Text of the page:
Espionage

17 posts

Beyond the Balkans – Eric Ambler and the British Espionage Novel, 1936-1940

Eric Ambler (1909-1998) was one of the foremost architects of espionage fiction as it exists today. Like his predecessor Somerset Maugham, Ambler sought to transform the genre from the verbal banality and minimal characterizations of authors William Le Queux and Edward Oppenheim to a more sophisticated, morally ambiguous world of deception and danger.

The Last Victorian: John Buchan and the Hannay Quartet

But, even more importantly, he also struck the first modern note in the evolution of the genre with respect to the degree of personal doubt and insecurity that over-shadows the mission – the same note, albeit greatly amplified, that is found in the novels of such well-known successors as Eric Ambler, Graham Greene, and John Le Carré, whose spy stories may be correctly seen, in part at least, as a continuance of John Buchan and the Hannay Quartet.

The Weekly Listicle: Ballad Of The Soldier

This weekend, Peter Weir graces us with The Way Back, a tale of daring escape by prisoners of war. In due fashion this week’s Listicle salutes the soldier in film. From comedy to adventure to stark, sobering drama, soldiers have faced a great deal on the movie screen.

The Weekly Listicle: Parties For A New Year

In the spirit of celebration, we take a moment to remember some of our favorite movie parties. In some cases the party itself is one the audience might very much like to attend. In others it is a complete catastrophe, but still very entertaining to watch. So strap on your party hat and join me (Dan Fields) and William Bibbiani around the punch bowl.

Brighton Rock Rises Again. Graham Greene Abides.

Acclaimed screenwriter Rowan Joffé will try his hand at the directing game next year. For his debut, he has selected an auspiciously high-profile story. Brighton Rock, adapted from Graham Greene’s 1938 novel, is a captivating crime thriller and a chilling exploration of the human capacity for love, betrayal and violence. If all goes right, this will be one beautiful and scary film.

A Watchful Eye On… Sherlock Holmes

Sherlock Holmes as a strict Victorian period piece is over and done with, but the character still has potential in a new context. The only rule is not to stray from the unique faculties that make Sherlock such a distinctive and popular hero. If the story’s focus ceases to be the detective’s brilliant deductive logic, then the magic is lost and the character wasted. If, however, due attention and respect are paid to this detail, the rest is free and open to broader interpretation.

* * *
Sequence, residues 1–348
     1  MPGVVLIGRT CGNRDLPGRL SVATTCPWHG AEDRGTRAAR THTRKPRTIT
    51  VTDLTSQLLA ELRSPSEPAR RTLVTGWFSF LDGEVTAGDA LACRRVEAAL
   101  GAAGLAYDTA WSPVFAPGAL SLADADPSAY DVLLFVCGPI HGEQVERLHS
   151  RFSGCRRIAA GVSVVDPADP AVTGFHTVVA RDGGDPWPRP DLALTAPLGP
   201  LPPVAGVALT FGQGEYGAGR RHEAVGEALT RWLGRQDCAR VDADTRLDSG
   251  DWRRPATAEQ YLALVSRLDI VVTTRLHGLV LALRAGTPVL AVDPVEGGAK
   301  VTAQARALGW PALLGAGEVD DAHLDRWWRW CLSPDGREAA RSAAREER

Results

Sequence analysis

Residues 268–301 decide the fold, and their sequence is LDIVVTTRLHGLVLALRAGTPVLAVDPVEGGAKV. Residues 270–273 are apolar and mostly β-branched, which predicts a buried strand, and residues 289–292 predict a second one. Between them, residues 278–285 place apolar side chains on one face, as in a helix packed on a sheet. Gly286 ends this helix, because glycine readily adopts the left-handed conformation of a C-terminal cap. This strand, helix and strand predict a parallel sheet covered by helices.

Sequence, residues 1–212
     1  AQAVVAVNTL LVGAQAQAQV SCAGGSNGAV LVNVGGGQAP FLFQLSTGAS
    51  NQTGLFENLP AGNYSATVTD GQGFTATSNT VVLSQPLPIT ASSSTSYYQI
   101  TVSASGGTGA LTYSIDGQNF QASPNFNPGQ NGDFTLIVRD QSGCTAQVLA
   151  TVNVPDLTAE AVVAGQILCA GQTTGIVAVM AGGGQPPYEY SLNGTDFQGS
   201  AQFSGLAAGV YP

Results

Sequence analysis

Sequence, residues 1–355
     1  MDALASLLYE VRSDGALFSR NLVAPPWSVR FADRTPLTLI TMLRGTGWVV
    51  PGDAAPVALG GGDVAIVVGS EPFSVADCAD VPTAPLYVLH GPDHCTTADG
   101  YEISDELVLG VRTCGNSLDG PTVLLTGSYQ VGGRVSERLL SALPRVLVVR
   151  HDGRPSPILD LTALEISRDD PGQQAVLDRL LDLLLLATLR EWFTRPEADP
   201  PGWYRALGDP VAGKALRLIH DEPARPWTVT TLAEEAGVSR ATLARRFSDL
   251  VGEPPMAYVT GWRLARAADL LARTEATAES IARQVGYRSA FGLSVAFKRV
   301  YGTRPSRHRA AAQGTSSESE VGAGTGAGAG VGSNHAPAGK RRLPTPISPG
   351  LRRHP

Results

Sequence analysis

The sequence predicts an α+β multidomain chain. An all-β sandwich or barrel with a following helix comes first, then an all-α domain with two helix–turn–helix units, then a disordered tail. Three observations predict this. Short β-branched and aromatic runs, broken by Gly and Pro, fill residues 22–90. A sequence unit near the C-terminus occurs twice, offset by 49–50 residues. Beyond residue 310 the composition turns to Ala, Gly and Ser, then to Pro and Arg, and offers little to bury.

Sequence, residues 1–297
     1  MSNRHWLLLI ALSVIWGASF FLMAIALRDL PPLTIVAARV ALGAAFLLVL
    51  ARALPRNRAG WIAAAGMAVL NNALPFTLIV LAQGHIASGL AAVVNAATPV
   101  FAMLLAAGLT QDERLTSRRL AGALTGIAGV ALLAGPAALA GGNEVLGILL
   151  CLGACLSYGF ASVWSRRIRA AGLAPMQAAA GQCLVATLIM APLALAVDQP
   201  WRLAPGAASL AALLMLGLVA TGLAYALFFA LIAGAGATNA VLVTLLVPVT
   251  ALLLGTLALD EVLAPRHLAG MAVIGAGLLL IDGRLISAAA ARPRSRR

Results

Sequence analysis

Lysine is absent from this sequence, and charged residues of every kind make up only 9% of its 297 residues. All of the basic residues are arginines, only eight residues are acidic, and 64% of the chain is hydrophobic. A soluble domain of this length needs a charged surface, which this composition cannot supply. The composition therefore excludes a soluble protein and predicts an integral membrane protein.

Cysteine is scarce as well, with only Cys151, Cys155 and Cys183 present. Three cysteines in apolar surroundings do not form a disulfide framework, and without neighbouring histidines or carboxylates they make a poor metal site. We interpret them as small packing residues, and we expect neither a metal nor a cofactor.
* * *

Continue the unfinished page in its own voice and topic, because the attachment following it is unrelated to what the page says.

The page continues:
Movie Time Nostalgia, Part 2: North By Northwest Revisited

I got myself a videotape of Alfred Hitchcock’s North By Northwest at a young age, and proceeded to watch the ever-living hell out of it. I can’t recall having seen what you might call a grown-up movie before that, and a lot of dramatic films that I love now might not have held my attention then. But North by Northwest really has got it all.

Movie Review: Salt

No one walks away unscathed from a chase that involves semi-jumping, a fifty mile-per-hour car crash, and a gunshot wound, but Salt does. No one gets away with this kind of double agency, but Salt does. The requisite “walking away from a massive explosion in slow motion while chanting choir music throbs beneath the basso thumping” scene is here, as are the outlandish government conspiracy theories.

Book Review: The Nearest Exit by Olen Steinhauer

Stephen King said that Olen Steinhauer’s spy book, The Tourist, is “the best spy novel I’ve ever read that wasn’t written by John le Carré.” Here’s the good news—The Nearest Exit, a continuation of that same story, is no letdown (though the background gained in reading that first book makes the first 100 pages of this one much more manageable).

Erskine Childers and The Riddle of the Sands

Set against the backdrop of a yachting trip to the German coast, the story weds a tale of adventure with the reality of Britain’s imperial overreach thus beginning a genre that – as continued by the likes of Joseph Conrad, Somerset Maugham, Graham Greene, and John le Carré – has matured into one of the most popular forms of entertainment in the literate world.

A Most Wanted Man by John Le Carré

The violent and crude final pages of the book force us to scrutinise our feelings over the last three hundred pages – did we will this? Are we guilty of this ending, if only by five percent? The brutal inanity of the dialogue is a warning that in Le Carré’s world, we don’t get to argue over the proportions and scale of what we set in motion.